Heavenward presents as paranormal romance story where the geeky school girl finds that the most smoulderingly attractive of a group of new arrivals is inexplicably strongly attracted to her, damaging her school position and putting the local top girl’s nose out of joint, despite the protagonist’s best efforts to put her new admirer off. Gibbs’ story is set in England though I’m not sure she’s caught the exact rhythm of English school life and at one point there was a reference to “feds” which felt quite anachronistic. I read up to 21% and then skimmed on a bit further trying to see where the story was going. It’s a readable story and, for me, the most interesting aspect was the protagonist, Ariel, living in a children’s home. The prose flows, but does become a bit purple at points. I have not read much paranormal romance so I doubt I will pick out identifiable tropes of the sub-genre. However, the author lavishes a lot of attention on descriptions to the extent that it feels almost “female-gazey.” The extensive description of a male character’s physical attractiveness make the first person protagonist seem a bit shallow. Maybe it is intended to convey the character’s supernatural nature shining through in a physical beauty? One of the other problems that paranormal romances like this seem to have is that, starting in our world and without the benefit of a quick portal transition to the secondary world, they have to do a lot of set-up work in the real world and slowly introduce the strangeness of the supernatural element. The upshot is that – by the 20% mark, the plot – or at least the reader’s understanding of the plot – has not moved on much beyond the “A stranger comes to town” stage of things. It is readable, but by this stage the protagonist hasn’t shown enough agency and her supernatural companion enough vulnerability to make me keen to read on.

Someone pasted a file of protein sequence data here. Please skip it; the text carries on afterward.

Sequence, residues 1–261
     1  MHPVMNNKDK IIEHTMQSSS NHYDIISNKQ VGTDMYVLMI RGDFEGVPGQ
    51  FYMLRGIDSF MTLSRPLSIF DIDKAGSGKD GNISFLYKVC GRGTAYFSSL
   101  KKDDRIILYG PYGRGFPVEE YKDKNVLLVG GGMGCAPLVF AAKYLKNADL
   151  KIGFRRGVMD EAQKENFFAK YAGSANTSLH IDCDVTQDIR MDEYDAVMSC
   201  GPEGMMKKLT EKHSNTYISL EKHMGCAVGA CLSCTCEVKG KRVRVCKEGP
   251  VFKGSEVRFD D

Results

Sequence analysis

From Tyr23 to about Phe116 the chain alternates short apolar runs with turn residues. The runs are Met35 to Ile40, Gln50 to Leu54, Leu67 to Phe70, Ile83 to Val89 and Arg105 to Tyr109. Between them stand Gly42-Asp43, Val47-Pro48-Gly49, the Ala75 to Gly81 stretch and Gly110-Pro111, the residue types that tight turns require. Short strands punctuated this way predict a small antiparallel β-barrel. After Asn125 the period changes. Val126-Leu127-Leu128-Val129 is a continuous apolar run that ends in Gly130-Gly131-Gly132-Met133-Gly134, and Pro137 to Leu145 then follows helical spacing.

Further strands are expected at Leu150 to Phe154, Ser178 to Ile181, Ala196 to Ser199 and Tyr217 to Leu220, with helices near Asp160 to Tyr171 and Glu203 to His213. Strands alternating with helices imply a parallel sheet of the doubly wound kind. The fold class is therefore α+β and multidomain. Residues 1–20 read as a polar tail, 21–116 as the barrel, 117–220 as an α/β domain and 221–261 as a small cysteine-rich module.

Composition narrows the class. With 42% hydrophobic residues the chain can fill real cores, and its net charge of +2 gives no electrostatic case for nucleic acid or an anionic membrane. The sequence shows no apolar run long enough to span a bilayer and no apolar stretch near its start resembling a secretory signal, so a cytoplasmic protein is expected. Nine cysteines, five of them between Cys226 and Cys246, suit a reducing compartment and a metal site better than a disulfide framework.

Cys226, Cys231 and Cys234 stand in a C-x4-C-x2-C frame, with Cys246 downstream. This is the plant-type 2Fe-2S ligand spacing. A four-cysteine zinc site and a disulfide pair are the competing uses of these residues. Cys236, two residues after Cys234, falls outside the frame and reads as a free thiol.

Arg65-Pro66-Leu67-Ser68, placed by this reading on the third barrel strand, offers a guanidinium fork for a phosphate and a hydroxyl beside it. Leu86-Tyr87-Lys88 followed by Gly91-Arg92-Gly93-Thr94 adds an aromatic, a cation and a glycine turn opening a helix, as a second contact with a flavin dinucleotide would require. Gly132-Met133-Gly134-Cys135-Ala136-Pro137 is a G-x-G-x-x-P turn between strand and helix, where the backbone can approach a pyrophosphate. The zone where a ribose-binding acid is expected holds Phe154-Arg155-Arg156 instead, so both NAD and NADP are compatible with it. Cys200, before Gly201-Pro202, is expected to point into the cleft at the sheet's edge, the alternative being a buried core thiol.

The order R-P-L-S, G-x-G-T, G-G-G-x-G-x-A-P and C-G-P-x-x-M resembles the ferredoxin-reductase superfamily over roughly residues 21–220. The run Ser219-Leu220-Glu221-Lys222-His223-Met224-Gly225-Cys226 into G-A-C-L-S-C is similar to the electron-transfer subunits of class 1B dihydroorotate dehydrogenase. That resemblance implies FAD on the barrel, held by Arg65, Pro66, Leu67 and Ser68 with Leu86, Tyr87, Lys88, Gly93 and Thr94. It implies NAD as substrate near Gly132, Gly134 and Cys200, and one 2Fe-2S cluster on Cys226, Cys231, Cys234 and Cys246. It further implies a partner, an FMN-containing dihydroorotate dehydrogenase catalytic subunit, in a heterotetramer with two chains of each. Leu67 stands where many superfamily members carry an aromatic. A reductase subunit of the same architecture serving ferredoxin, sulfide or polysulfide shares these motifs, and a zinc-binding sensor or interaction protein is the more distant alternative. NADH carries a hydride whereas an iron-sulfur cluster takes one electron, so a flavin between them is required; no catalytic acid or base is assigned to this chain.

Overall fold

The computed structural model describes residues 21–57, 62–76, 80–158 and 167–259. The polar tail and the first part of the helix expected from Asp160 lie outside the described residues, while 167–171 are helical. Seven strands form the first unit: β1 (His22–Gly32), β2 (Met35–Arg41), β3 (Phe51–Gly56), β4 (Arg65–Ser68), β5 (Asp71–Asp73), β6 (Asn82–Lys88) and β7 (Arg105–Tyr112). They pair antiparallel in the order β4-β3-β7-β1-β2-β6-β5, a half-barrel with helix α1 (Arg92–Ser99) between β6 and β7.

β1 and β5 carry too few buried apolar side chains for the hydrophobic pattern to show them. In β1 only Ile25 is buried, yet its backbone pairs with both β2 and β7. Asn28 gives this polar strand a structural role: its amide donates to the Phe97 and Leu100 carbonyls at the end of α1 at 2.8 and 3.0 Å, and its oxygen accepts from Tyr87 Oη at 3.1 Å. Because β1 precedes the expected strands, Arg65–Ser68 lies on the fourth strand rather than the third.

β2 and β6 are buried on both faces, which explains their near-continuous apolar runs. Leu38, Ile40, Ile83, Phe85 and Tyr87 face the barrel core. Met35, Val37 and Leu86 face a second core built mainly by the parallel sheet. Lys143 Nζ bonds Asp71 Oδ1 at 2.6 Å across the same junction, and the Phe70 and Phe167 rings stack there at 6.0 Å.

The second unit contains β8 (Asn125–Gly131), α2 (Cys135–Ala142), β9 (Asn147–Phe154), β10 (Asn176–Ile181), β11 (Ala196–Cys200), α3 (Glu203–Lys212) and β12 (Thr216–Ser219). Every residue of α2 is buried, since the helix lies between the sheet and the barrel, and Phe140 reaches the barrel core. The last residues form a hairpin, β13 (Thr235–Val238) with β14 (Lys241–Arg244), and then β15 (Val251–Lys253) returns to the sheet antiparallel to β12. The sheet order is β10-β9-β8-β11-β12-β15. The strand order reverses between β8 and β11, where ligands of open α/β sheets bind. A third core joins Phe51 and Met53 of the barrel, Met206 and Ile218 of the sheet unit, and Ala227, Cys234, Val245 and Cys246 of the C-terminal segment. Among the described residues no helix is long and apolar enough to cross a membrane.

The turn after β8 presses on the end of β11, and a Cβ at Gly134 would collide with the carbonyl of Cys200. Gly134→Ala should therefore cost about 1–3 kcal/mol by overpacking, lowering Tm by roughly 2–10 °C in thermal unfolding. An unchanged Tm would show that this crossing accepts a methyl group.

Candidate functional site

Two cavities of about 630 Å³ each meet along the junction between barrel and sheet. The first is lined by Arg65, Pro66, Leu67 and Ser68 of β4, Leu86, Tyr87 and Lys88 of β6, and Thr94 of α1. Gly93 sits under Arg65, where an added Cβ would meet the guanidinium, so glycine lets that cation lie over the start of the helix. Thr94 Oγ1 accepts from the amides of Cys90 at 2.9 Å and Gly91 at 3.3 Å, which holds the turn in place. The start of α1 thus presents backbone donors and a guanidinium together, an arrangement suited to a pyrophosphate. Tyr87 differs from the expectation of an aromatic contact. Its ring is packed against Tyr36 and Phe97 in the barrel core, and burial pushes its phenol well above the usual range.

I was really curious to see what Heavenward would be like, as I felt like the blurb (as listed on Goodreads) was describing two very different stories. Unfortunately reading the book didn’t help clear anything up, and I found that I wasn’t as gripped by the main plot as I had hoped.
The biggest strength for me was in the descriptions of Ariel’s mental illnesses and how that colours her views of the world. I thought that was quite well handled.
I didn’t find the introduction of the angels or the set up for the (presumed) love triangle to be particularly believable, but I am rarely a fan of instalove type settings, and perhaps that sorts itself out later on in the book.
I think the book and series has a lot of potential, but I am unlikely to continue with it.
I am going to be honest, paranormal romance is not really my thing. What I did appreciate about this one though was the Angel aspect, a nice little hook and moving this very popular genre in a different direction. I enjoyed the main protagonist Ariel and her story but sadly the rest didn’t work for me, the prose was quite bland and the use of present tense was interesting but didn’t really work with this story. Insta-love is a trope which puts me off massively, I much prefer stories where relationships grow but maybe the supernatural aspect has a part to play here? I am not really sure but if a YA Teen romance book is your thing then you will find a lot to like here.
Heavenward was such an easy-flowing, readable story, it seemed practically effortless to get into. While I was reading it on my kindle, I made a lot of highlights to look over as well as jot down some of my thoughts. I usually don’t read YA or paranormal romance, and unfortunately, despite such great flow, my sentiments go along with much of what Theo had already mentioned. Most of my notes were all about how luscious someone’s tousled hair fell or how velvety soft a voice was. The prose was very embellished, too embellished for me, but I am also way above the targeted age group, I assume. Gibbs breaks up some of the cuteness with the main protagonist’s dreams of armor and a sword…still sparkly, but a more interesting addition to the story. What I was desperately missing was something meaty, some take away, something imperfect, but unfortunately, I too felt that by the end of reading 20% of the novel, I wasn’t any more invested in the characters as I was at the beginning of reading. I do think a younger audience will find enjoyment in Heavenward.